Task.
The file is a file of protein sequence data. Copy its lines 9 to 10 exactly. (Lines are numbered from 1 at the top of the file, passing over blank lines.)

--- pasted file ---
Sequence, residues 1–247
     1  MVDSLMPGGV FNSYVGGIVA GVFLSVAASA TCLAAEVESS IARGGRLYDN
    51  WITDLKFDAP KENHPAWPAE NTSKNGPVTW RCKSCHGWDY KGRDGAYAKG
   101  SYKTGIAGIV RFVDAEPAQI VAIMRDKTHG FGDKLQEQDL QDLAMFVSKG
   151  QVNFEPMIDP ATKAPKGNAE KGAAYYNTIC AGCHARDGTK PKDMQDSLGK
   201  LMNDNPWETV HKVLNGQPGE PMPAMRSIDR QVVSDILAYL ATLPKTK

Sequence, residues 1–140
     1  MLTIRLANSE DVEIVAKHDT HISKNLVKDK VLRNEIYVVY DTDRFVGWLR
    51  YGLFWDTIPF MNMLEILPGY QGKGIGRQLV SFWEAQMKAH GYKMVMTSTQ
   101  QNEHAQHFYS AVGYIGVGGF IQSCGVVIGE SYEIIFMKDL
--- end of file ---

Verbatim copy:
    51  YGLFWDTIPF MNMLEILPGY QGKGIGRQLV SFWEAQMKAH GYKMVMTSTQ
   101  QNEHAQHFYS AVGYIGVGGF IQSCGVVIGE SYEIIFMKDL